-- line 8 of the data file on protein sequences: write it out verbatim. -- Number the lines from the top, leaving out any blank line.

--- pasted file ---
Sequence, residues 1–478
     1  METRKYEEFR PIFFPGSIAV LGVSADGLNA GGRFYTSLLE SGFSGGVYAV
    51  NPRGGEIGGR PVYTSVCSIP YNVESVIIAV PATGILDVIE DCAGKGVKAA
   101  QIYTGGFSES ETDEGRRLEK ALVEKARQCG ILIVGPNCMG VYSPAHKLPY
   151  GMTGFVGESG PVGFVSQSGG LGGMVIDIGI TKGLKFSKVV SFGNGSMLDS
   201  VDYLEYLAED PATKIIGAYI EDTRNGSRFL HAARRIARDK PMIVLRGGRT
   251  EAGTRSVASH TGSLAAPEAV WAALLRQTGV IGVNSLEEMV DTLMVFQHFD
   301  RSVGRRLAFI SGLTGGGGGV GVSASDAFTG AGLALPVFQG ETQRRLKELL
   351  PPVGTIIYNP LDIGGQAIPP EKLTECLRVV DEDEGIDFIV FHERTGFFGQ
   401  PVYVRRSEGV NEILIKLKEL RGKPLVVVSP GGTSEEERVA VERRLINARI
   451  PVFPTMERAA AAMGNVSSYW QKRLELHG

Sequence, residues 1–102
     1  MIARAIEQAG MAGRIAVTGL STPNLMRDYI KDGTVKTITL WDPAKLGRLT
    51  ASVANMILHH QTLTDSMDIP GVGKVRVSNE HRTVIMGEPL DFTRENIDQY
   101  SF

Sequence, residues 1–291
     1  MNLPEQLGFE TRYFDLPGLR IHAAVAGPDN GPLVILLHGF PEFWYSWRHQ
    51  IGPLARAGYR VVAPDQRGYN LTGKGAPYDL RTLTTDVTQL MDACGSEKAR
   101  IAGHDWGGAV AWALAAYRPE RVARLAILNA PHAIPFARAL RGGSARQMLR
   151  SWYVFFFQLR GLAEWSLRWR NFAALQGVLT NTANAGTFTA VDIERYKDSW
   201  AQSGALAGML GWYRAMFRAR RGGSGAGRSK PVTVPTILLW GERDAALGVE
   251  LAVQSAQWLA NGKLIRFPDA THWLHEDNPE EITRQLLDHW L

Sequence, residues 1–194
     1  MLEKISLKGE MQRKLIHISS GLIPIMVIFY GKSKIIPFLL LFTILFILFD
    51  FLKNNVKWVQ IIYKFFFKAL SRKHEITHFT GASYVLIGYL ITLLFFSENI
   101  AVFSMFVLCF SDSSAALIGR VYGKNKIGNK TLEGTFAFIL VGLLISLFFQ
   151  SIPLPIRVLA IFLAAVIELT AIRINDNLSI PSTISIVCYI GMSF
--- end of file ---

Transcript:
   301  RSVGRRLAFI SGLTGGGGGV GVSASDAFTG AGLALPVFQG ETQRRLKELL